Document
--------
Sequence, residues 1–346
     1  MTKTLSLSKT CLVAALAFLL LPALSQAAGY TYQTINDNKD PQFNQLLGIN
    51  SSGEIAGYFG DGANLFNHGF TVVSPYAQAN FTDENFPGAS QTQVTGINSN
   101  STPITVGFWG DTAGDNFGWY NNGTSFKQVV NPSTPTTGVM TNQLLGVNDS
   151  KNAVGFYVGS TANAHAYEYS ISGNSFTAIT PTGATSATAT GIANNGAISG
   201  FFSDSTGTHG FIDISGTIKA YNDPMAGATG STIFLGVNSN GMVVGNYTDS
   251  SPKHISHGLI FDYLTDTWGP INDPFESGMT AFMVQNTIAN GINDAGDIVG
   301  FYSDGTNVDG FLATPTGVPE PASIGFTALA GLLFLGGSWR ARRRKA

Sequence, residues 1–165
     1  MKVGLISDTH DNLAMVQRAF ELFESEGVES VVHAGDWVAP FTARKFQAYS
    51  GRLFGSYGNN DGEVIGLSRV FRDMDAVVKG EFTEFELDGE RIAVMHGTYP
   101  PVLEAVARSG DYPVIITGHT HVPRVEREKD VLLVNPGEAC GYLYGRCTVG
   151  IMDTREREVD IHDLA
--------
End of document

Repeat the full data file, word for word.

Sequence, residues 1–346
     1  MTKTLSLSKT CLVAALAFLL LPALSQAAGY TYQTINDNKD PQFNQLLGIN
    51  SSGEIAGYFG DGANLFNHGF TVVSPYAQAN FTDENFPGAS QTQVTGINSN
   101  STPITVGFWG DTAGDNFGWY NNGTSFKQVV NPSTPTTGVM TNQLLGVNDS
   151  KNAVGFYVGS TANAHAYEYS ISGNSFTAIT PTGATSATAT GIANNGAISG
   201  FFSDSTGTHG FIDISGTIKA YNDPMAGATG STIFLGVNSN GMVVGNYTDS
   251  SPKHISHGLI FDYLTDTWGP INDPFESGMT AFMVQNTIAN GINDAGDIVG
   301  FYSDGTNVDG FLATPTGVPE PASIGFTALA GLLFLGGSWR ARRRKA

Sequence, residues 1–165
     1  MKVGLISDTH DNLAMVQRAF ELFESEGVES VVHAGDWVAP FTARKFQAYS
    51  GRLFGSYGNN DGEVIGLSRV FRDMDAVVKG EFTEFELDGE RIAVMHGTYP
   101  PVLEAVARSG DYPVIITGHT HVPRVEREKD VLLVNPGEAC GYLYGRCTVG
   151  IMDTREREVD IHDLA